Piling Canada

Go Out and Get It

A relative newcomer to deep foundation construction, Warren Baker has skillfully leveraged social media to ramp up both his networking and client base
Written by Bilal Rana
March 2021

DFI installing helical piles along a rail line in northern B.C.
Photos courtesy of Warren Baker

“There is a lot of opportunity for success and growth in the industry, but it is not going to fall onto your lap. You have to go out and get it,” said Warren Baker, branch manager of DFI’s office in Fort St. John, B.C. Precisely, this ‘can do’ attitude helped Baker transition into his present role and continues to help him navigate the challenges of his work.

Baker has had an interesting and varied career. He first began working with tank trucks and hydrovacs in the field, and afterwards transitioned into logistics and management. An opening at DFI allowed him to leverage his prior management experience and pivot towards deep foundations. He joined the DFI team in November 2018.

Speaking with Baker, it is obvious that he appreciates the opportunity to work with a firmly established team. DFI, short for Dave Freeland Industries, manufactures, supplies and offers driven, helical and sheet pile installation. They have branches in B.C., Alberta, Saskatchewan, Texas, Montana, and Australia. DFI celebrated their 50th anniversary in 2019.

When asked how he managed to negotiate the learning curve when transitioning to deep foundations, Baker said that he benefited from DFIs excellent onboarding process, “I found out in a hurry that there is a lot more to just putting a piece of pipe into the ground. There’s definitely a science to it, with a lot of engineering and geotechnical information to process.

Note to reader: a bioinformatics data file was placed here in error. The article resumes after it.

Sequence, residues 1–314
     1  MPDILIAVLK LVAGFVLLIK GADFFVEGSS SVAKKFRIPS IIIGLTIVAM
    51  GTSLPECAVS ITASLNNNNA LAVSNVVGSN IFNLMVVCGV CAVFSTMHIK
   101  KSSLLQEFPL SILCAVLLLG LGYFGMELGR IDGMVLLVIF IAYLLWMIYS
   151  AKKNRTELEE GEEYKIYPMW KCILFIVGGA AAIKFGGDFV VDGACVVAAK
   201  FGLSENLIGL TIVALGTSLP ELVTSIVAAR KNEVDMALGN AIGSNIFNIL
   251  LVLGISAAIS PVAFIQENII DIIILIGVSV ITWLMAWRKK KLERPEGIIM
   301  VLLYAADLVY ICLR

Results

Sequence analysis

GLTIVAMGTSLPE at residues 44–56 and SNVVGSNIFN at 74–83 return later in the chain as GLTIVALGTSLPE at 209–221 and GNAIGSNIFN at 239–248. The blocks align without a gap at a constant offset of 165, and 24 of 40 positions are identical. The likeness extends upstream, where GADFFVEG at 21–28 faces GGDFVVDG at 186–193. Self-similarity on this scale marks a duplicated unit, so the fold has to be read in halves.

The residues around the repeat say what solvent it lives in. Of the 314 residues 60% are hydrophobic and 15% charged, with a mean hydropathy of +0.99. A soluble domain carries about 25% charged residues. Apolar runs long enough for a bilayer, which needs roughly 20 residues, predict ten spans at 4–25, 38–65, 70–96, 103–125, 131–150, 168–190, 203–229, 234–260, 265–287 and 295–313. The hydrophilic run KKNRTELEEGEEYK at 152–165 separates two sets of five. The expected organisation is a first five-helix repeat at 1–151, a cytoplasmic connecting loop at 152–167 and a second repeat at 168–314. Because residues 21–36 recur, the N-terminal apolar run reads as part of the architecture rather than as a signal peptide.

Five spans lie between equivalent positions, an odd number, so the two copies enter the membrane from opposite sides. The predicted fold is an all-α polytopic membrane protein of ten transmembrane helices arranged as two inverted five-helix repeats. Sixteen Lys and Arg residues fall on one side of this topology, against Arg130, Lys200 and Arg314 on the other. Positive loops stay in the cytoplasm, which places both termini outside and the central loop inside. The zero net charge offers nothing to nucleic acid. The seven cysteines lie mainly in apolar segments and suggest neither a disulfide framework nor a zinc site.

“I’m also fortunate that I continue to have mentors I can turn to. Our construction/business development manager, David Baker, helps me out a lot on the customer relationship building aspect of our business and our regional manager, John Black, has taught me a lot on the business side of things.”

Baker also benefited from a steady flow of diverse projects to learn and grow from. Each project came with its own unique requirements and learning opportunities. For instance, Baker cited a casino project in Delta, B.C., that required 1,200 piles in soft soil conditions owing to the site’s proximity to the Fraser River. The piles had to be installed 18 metres deep to mitigate the risk of liquefaction posed by potential earthquake tremors.

For the most part though, Baker’s work with DFI has been in his own back yard in Fort St. John, and has included work for the oil and gas sector. For example, the Coastal GasLink pipeline is currently being built to move natural gas from the area and ship it to the LNG Canada facility near Kitimat, B.C. This line is expected to be in service in 2023. In anticipation of this, production companies in the area are ramping up drilling and processing facilities to ship gas through the line. The pipeline’s construction is causing a boom in the area and a good portion of DFI’s work is related to this development.

“We did the piles for a natural gas processing plant that prepares gas from wells in the Montney Shale Formation and sends it to Kitimat,” said Baker. The processing plant project alone required the installation of 3,000 driven piles ranging from 6 inches to 16 inches in diameter.

One of the challenges his team faced on the processing plant project was that the ground conditions can vary unexpectedly. Positioned on the outer edge of the Rocky Mountains, the ground in the Fort St. John area is mostly rock and shale. “We often have to pre-drill before we install a pile,” said Baker. “But the geology can change suddenly, and just down the road we might find ourselves piling into muskeg and we’ll have to switch to helical piles.

“We’re lucky in that we have a quick-change adapter that allows us to easily switch back and forth between helical and driven piles with the same machine,” said Baker, emphasizing the need to be both flexible and prepared for unexpected circumstances.

“You have to be able to think outside the box because no two jobs are the same.”

– WARREN BAKER

In addition to being prepared, coping with varying geological conditions and arranging suitable access often requires the ability to be flexible and to problem solve. “You have to be able to think outside the box because no two jobs are the same” he said.